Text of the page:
Preparing the reference list

References must be numbered consecutively in the order in which they are mentioned in the text. Personal communications or unpublished data must be cited in parentheses in the text with the name(s) of the source(s) and the year. Authors should request permission from the source to cite unpublished data. Detailed instructions can be found at:    

Here are some examples:

a) Journal article:

Smith JJ. The world of science. Am J Sci. 1999;36:234–5.

O'Mahony S, Rose SL, Chilvers AJ, Ballinger JR, Solanki CK, Barber RW, et al. Finding an optimal method for imaging lymphatic vessels of the upper limb. Eur J Nucl Med Mol Imaging. 2004;31:555–63. doi:10.1007/s00259-003-1399-3.

Slifka MK, Whitton JL. Clinical implications of dysregulated cytokine production. Dig J Mol Med. 2000. doi:10.1007/s801090000086.

b) Books and chapters:

Wyllie AH, Kerr JFR, Currie AR. Cell death: the significance of apoptosis. In: Bourne GH, Danielli JF, Jeon KW, editors. International review of cytology. London: Academic; 1980. p. 251– 306.

 c) Organization site

ISSN International Centre: The ISSN register. (2006). Accessed 20 Feb 2007.


Unless they are standard, when first used abbreviations should be written in full followed by their short form in brackets e.g. Institutional Review Board (IRB). 

Categories of papers

1. Original research articles 

Original research articles include but are not limited to biomedical, clinical, behavioral research, health management research, and educational research in medicine and health sciences.  These full-length articles should describe new and carefully confirmed findings, and experimental procedures should be given in sufficient detail for others to verify the work. They should be double spaced, between 3,000 and 6,000 words, excluding tables, figures and references. The articles should have the following main sections: Introduction, Methods, Results, and Discussion.

Title (maximum 150 characters)

It should be in title case format in which all words except prepositions and conjunctions start with capital letter. Title should be short describing the contents of the article for comprehension and easy electronic retrieval. There should be no abbreviations in the title unless they are units of measurements. The title page should include the authors' full names. The authors' affiliation addresses should be listed below the names. A superscript number just after the author's name and in front of the appropriate address should indicate the affiliation. Provide the full postal address of each affiliation, including the country name. Indicate the Corresponding author with asterisk after the author's name and before 'Corresponding author' in the footnote along with e-mail address and phone number.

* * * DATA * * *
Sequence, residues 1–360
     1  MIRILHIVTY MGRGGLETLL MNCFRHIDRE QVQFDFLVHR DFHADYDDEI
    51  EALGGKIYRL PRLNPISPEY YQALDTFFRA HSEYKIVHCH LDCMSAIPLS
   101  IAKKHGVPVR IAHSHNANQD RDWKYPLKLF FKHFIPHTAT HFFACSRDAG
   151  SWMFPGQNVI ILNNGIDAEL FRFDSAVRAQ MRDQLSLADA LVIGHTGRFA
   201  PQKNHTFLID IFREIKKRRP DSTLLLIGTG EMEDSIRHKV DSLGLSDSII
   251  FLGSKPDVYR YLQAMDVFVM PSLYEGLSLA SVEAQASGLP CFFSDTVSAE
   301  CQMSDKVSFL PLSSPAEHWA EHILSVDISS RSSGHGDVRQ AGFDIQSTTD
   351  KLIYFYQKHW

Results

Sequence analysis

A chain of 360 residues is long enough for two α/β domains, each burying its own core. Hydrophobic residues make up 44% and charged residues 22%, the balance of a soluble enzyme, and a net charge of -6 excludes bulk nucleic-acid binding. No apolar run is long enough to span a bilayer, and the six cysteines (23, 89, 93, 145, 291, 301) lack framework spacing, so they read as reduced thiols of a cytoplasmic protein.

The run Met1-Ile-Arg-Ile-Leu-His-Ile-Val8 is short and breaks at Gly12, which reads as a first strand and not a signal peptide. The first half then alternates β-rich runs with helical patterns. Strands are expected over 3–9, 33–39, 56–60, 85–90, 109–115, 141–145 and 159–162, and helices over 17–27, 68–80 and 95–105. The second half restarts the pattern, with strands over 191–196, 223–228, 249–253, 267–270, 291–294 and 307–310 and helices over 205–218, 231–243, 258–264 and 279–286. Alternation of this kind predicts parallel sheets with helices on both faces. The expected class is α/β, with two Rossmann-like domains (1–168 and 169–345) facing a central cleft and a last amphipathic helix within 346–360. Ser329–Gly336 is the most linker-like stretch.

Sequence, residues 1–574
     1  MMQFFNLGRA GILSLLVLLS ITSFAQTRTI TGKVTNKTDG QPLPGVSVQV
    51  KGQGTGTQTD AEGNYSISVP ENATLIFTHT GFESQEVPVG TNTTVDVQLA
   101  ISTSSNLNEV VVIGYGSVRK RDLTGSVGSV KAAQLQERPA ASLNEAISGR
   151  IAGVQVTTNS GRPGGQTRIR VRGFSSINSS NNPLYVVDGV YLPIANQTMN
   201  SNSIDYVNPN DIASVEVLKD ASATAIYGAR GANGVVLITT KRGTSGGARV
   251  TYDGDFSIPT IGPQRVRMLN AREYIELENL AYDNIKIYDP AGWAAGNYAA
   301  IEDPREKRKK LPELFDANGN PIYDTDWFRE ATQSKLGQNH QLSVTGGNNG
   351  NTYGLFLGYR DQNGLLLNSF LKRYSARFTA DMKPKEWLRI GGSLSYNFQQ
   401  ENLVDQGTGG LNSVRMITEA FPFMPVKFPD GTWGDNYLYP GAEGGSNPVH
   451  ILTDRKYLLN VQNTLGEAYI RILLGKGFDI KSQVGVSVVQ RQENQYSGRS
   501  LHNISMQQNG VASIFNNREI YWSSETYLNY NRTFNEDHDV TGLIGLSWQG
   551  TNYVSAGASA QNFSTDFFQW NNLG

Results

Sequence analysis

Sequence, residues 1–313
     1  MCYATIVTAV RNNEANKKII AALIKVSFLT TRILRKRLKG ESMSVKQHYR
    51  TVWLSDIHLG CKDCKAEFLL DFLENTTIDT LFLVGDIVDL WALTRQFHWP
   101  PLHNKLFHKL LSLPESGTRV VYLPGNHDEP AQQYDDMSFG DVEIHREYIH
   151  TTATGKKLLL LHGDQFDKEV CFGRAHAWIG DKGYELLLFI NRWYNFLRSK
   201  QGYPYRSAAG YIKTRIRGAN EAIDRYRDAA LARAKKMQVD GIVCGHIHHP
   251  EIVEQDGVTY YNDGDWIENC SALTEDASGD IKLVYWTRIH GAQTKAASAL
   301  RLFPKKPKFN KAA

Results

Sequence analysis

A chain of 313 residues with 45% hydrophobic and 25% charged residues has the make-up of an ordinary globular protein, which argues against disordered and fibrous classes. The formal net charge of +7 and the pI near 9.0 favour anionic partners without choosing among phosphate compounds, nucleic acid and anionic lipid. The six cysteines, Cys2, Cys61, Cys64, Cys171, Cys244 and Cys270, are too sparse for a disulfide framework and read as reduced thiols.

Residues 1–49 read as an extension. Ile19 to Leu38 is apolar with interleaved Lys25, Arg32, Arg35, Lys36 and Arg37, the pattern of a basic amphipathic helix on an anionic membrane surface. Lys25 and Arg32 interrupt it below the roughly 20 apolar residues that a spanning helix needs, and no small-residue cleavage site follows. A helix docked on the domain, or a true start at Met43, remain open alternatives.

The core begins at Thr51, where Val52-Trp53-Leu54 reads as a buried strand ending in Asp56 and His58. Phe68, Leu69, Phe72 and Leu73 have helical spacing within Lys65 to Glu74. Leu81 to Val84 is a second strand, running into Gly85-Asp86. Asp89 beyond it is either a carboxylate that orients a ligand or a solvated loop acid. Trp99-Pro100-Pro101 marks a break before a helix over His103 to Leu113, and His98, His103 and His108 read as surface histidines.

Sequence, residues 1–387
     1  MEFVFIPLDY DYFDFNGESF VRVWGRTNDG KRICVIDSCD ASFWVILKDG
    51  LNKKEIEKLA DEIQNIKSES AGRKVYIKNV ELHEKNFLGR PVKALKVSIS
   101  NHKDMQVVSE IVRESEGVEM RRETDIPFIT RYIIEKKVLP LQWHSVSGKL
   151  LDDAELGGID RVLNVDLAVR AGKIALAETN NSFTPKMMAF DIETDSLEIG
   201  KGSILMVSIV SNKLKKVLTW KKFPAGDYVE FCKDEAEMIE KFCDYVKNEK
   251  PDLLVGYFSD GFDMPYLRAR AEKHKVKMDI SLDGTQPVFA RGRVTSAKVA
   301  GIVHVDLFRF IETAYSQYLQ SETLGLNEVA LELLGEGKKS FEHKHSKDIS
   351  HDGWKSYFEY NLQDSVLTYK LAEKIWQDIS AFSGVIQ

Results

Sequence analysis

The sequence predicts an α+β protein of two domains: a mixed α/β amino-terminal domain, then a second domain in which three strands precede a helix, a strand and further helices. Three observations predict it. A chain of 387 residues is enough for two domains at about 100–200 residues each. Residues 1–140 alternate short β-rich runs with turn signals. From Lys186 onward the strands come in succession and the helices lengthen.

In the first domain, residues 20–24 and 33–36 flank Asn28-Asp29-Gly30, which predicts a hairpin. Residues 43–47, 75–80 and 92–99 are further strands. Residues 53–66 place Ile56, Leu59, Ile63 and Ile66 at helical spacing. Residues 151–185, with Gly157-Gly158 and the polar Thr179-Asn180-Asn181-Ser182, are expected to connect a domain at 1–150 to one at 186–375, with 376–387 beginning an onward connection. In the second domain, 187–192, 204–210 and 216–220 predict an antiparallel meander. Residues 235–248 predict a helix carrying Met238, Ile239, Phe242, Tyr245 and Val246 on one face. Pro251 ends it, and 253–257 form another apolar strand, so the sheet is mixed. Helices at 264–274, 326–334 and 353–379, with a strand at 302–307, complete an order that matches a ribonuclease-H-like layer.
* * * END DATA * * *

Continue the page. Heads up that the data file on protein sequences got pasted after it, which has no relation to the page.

The abstract should be between 150-200 words and must include the following subtitles: Background, Objectives, Methods, Results, and Conclusions. No references should be cited and abbreviations must be avoided. Following the abstract, about 3 to 10 key words that will provide indexing references should be listed. It is recommended, to use keywords from the National Library of Medicine's (NLM) Medical Subject List, whenever possible. The suitability of keywords can be checked on the NLM MeSH Browser  at (e.g. MeSH on Demand:  


It should be short, providing the scientific background to the study to demonstrate the magnitude of the problem, its significance and what is not known (i.e. gaps in knowledge). It should contain a statement on the purpose of the present investigation with specific objectives presented preferably as questions. References cited should be few, relevant and as recent as possible. The introduction should end with a very brief statement of what is being reported in the paper.


Detailed description of the investigation process and statistical methods should be provided such that verification by other researchers can be feasible. However, only truly new procedures should be described in detail, previously published procedures should be cited, and important modifications of published procedures should be mentioned accordingly. Research instruments such as questionnaires should be described adequately. A statement of the ethical issues including protection of human subjects and informed consent should be included (please see: